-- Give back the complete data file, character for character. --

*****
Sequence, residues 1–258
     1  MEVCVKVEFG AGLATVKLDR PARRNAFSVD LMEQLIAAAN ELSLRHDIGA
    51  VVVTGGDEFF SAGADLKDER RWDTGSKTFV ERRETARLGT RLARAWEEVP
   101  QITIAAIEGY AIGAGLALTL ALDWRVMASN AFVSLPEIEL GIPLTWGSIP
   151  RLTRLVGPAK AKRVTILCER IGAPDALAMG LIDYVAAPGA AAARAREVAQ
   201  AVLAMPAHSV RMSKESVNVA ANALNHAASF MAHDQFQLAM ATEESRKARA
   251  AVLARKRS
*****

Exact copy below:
Sequence, residues 1–258
     1  MEVCVKVEFG AGLATVKLDR PARRNAFSVD LMEQLIAAAN ELSLRHDIGA
    51  VVVTGGDEFF SAGADLKDER RWDTGSKTFV ERRETARLGT RLARAWEEVP
   101  QITIAAIEGY AIGAGLALTL ALDWRVMASN AFVSLPEIEL GIPLTWGSIP
   151  RLTRLVGPAK AKRVTILCER IGAPDALAMG LIDYVAAPGA AAARAREVAQ
   201  AVLAMPAHSV RMSKESVNVA ANALNHAASF MAHDQFQLAM ATEESRKARA
   251  AVLARKRS